As far as energy supplies are concerned, the Group is continually researching and pushing the development of alternative energy resources. This is motivated not only by the Ukraine war and our associated activities aimed at strengthening the Group’s resilience, but also by the changes in our energy needs arising from our decarbonization activities. Over and above the consistent expansion of our own renewables capacity, our focus in this respect is on numerous research and demonstration projects related to hydrogen, biogas, and biomass along with projects pertaining to alternative iron and steel manufacturing technologies such as the H2FUTURE hydrogen pilot plant in Linz, Austria, the Hydrogen-Based Fine Ore Reduction (“Hyfor”) project, and the Sustainable Steelmaking (“SuSteel”) project in Donawitz, Austria.
Hedging raw materials prices
An internal guideline defines objectives, principles, and responsibilities as well as methodologies, procedures, and decision-making processes in connection with the management of raw material price risks. Based thereon and taking into account individual specificities of the respective Group company’s business model, prices are hedged by means of short-term delivery contracts containing fixed price agreements or by means of derivative financial instruments. Depending on the business model of the Group company in question, changes in the prices of energy and raw materials may be passed on to customers to some extent and/or after some time. In this case, risk management aims to secure the previously determined contribution margins under the sales contracts. Iron ore, coke, coking coal, zinc, nickel, CO2, cobalt, and all sources of energy are subject to raw materials risk management. The section titled “Availability of Raw Materials and Energy Supplies” already addresses issues related to the security of supplies (procurement risk).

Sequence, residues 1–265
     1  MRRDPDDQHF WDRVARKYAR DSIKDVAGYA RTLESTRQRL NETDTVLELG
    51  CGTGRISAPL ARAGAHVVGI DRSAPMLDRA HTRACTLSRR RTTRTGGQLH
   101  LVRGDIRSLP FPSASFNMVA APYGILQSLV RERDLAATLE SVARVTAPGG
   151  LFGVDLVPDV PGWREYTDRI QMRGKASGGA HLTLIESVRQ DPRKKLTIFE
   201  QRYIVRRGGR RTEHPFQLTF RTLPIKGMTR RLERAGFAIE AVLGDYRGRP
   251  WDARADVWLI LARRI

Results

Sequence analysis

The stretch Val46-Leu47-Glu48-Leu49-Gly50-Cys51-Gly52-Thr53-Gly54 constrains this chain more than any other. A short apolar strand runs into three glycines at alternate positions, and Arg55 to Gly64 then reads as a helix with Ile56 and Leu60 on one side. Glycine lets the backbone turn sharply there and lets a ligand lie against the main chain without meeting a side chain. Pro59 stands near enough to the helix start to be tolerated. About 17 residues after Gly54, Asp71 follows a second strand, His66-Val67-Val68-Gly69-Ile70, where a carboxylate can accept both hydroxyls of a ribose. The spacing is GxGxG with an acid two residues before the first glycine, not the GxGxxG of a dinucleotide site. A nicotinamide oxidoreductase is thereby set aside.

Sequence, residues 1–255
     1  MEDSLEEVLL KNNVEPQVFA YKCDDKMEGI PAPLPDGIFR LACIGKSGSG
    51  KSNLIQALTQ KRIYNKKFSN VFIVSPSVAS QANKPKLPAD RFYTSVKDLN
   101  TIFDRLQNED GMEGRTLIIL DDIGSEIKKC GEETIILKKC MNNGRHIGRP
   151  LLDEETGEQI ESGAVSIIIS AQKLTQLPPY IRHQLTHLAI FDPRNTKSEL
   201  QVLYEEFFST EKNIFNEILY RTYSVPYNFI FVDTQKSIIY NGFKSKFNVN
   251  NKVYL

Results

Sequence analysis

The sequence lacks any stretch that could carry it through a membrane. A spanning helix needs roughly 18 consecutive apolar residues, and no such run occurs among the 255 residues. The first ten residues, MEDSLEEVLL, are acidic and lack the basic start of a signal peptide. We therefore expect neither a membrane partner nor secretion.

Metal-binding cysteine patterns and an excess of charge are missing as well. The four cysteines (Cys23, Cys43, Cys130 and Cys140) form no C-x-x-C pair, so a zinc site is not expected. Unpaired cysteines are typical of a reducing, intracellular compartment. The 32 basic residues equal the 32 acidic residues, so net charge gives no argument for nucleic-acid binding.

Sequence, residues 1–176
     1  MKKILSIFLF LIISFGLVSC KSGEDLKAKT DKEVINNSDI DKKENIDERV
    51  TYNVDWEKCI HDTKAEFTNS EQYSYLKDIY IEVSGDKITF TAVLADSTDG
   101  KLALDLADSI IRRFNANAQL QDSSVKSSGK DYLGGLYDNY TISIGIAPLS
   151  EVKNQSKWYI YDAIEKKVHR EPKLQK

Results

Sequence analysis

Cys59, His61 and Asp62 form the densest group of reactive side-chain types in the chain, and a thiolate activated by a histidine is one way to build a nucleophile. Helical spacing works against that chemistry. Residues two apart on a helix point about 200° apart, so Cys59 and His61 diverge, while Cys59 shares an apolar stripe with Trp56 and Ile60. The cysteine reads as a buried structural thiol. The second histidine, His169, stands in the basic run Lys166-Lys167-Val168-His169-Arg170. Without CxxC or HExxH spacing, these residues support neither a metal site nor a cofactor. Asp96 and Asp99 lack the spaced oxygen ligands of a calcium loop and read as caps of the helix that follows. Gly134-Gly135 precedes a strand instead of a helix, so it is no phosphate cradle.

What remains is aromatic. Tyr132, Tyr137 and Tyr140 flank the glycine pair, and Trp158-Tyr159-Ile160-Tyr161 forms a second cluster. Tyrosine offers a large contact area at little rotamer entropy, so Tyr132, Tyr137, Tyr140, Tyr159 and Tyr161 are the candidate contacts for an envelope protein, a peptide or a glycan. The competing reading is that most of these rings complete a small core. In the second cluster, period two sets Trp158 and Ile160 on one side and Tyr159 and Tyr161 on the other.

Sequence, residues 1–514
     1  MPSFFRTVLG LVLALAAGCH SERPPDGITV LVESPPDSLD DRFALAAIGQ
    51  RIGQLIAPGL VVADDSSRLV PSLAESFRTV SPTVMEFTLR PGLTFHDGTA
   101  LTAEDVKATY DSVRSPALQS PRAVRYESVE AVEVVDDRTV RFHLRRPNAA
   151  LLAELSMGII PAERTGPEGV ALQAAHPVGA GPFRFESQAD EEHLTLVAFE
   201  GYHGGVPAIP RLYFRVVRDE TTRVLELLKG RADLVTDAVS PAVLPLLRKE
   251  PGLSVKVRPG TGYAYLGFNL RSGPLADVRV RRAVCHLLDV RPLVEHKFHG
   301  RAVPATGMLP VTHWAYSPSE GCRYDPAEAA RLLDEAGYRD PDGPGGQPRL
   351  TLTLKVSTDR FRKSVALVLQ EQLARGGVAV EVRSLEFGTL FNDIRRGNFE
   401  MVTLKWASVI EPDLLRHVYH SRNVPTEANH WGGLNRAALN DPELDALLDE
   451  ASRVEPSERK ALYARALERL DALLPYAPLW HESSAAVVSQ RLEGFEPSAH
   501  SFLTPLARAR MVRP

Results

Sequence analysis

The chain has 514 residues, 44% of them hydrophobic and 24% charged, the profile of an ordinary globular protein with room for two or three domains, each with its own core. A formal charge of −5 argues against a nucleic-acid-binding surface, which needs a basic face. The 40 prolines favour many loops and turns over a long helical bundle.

Disruptions in logistics and supply chains
Generally, global supply chains may be undermined, or even interrupted, by events such as a pandemic and, in particular, geopolitical conflicts such as the current Ukraine war. This may trigger restrictions that arise from suppliers, from customers, from disrupted transportation routes, and from potential sanctions and/or embargoes. Our simultaneous focus on less vulnerable supply chains and on expanding logistical options has substantially boosted reliability (e.g., of raw materials deliveries), both in the past and during current crises.